My Favorite Transgender Author

The Favorite Nephew

There may be other authors I like who are trans and I just don’t know it because they don’t make an issue of it. And there are many ex-trans writers I admire. But of those unrepentant that I know, my favorite is the literary critic, Andrea (né Andrew) Long Chu. Not that I can stomach much of his writing, because I cannot. But he carries himself so passionately, and his honesty bombards us. His prose opens up his inner feelings with a sound like an electric can opener.


What comes out of the can is what it actually is like to go down the trans path, even when that honesty contradicts the cultural narrative. For this reason, I quote a New York Times article of his in Piece 14 of  Across the Kitchen Table. In it, Long Chu pours out his feelings while preparing to surgically alter his genitals to imitate a woman’s vagina (commonly called vaginoplasty). The cost, the increase in suicidal ideation, the usual “transitioning” despair, are all on full display.


So the experience of reading him is like watching a favorite nephew self-destruct. It means constantly asking “Oh, if only he saw what he is doing….”


The Dark World

Long Chu’s 2019 book length ruminations, Females, gives more of the author’s thought. I cannot recommend the book, because I don’t find the writing edifying. I am not sure why Long Chu engages in such vulgarity to express himself. Maybe he wishes to shock the reader. Or maybe it is just the world he lives in as long-term pornography addict. Probably it is a mixture of both. Sometimes I had to stop for a while to recover from the lewdness.


But I persisted to come across Long Chu’s occasional insight. One must wade through thigh-high obscenity to get to it, and some of the obtuseness inevitable, it seems, in gender theorizing, but one can find in Females a creative thinker struggling with truths about gender, about women and about men, truths too big for him to fully grasp. In each of the three, we see a memory of a forgotten good.


The Gender


Long Chu marks out gender as the expression of someone else’s desire. In this, he approaches the Biblical truth here that gender is about relationship. But he falls short in seeing the goodness of living our lives for others. So, instead he takes us on a dark journey into sadomasochism.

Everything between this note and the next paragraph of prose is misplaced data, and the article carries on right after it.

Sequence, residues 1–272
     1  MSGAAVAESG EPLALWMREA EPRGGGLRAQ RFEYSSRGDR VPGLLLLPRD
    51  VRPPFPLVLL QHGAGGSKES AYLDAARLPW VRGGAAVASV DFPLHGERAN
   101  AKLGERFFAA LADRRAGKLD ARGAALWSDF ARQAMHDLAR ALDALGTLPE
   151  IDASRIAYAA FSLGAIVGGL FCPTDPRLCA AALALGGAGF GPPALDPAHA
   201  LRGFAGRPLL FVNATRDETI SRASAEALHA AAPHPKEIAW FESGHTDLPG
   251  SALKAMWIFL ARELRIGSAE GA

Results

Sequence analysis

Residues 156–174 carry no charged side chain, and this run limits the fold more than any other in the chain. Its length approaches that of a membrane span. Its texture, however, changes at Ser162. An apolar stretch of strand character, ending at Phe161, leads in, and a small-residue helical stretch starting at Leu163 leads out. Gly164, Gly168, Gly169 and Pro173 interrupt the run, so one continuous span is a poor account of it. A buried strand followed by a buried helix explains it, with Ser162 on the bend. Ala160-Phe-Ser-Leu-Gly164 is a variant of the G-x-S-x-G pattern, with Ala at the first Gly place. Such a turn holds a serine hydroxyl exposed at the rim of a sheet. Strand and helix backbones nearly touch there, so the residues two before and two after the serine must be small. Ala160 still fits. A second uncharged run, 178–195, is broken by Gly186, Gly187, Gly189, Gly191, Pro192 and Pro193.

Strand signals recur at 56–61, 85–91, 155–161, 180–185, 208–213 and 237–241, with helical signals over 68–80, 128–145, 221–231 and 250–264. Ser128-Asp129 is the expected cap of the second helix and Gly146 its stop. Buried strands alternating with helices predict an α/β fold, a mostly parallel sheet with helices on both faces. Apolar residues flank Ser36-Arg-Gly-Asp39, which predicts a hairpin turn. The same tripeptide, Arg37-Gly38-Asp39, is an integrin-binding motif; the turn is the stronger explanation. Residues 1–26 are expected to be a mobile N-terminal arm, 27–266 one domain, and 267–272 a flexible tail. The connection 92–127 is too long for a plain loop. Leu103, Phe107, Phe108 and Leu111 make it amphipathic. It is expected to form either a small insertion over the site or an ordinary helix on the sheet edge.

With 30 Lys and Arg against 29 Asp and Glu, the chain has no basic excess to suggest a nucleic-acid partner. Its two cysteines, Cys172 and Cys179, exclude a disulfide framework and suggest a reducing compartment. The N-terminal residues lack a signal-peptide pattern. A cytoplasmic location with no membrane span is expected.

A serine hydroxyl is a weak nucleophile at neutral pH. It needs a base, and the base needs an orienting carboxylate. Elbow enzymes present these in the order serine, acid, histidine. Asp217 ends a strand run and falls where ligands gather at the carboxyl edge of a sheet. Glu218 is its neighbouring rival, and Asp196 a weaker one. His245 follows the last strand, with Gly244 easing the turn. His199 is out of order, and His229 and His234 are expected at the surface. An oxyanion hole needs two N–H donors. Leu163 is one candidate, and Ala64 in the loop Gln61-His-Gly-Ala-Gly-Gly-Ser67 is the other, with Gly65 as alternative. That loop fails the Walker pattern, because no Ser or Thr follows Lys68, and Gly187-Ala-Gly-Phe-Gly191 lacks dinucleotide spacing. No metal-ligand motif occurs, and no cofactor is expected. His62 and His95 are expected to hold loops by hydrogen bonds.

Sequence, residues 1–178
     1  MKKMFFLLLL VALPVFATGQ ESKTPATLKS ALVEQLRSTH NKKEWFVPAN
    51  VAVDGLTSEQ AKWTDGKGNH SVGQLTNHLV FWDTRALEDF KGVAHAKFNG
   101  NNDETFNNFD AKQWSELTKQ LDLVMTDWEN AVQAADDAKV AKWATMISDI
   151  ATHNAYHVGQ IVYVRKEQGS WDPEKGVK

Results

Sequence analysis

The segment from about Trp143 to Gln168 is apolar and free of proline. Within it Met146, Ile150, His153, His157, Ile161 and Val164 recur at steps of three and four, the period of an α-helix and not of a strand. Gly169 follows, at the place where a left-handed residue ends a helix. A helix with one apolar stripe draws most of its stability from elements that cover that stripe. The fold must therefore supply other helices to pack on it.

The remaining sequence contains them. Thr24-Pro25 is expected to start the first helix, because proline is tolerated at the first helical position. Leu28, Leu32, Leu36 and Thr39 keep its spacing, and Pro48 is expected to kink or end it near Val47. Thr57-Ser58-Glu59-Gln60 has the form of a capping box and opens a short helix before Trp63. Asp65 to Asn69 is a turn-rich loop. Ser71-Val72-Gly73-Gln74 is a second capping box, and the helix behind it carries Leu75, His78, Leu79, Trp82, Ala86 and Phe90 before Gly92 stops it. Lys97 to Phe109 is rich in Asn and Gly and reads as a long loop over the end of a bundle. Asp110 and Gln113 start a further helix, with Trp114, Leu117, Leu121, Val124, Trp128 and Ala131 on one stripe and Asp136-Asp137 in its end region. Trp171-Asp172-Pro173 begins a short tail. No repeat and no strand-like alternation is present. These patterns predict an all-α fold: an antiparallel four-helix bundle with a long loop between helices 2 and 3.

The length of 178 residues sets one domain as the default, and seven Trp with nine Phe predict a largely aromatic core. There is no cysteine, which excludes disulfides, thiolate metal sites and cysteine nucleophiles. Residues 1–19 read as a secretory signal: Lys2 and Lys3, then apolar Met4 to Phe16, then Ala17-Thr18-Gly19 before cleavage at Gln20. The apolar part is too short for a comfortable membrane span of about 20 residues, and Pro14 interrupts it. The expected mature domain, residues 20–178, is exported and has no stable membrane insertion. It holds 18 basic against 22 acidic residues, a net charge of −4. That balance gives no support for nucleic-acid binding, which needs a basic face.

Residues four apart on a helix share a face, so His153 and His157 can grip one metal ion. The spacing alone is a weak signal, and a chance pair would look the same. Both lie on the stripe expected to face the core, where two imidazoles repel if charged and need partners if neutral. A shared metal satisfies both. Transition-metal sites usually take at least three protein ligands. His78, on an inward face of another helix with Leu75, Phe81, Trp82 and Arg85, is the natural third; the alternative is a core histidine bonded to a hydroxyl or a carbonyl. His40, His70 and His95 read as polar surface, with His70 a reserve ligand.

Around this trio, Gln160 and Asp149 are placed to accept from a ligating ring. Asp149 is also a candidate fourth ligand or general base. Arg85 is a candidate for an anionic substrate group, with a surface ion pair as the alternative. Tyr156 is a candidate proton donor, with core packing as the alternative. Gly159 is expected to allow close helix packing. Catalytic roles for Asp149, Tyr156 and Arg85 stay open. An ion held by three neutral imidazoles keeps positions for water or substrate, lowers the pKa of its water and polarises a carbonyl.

The Female

As usual, the discussion of the feminine includes only one kind of power. Andrea/Andrew claims that we are all female (backed up by some ingenious biological reasoning that females are more basic than males). He then defines that as the impulse to have something done to us, to be dominated rather than dominant, where “the self is sacrificed to make room for the desires of another.” Again, one can detect nuggets of a truth that have lodged in a dark concoction here.  If only our self-destructive nephew could step back and see the larger context. He is grasping at the Biblical willingness of an equal to surrender prerogative. It is not a desire but a call. And this can be a glorious call understood in the Kingdom of Christ. But Long Chu so denigrates women that female becomes a realm of despair. For him, not only are we all female, but we all hate it. If his conception of female were right, we should hate it. Bur rather, we should hate it and reject it as charicature.


The Male

When the literary critic speaks of men, he rightly divines the deep fear of a man to not be identified as a man. Again, this is the start of a great insight. But then the nephew misinterprets it as a desire to be a woman. In this, he fails to realize the quest that has been thwarted in himself. For the journey of manhood is to conquer that doubt, to be able to confront it and stare it down and recognize what God has created in him and call it good. Long Chu has long since veered from that voyage. So not only does he hate women, he hates men: “Being a man was my punishment for being a man.” He has lost any idea of the masculine as good. In that, he is not unlike most of our generation.


As I say, reading the writing of this sunless struggler presses the prayer: If only his eyes could be open to the gift that God offers him, he would not need to carry partial truths into his anguished gloom.


Do you know anyone like this in your life?


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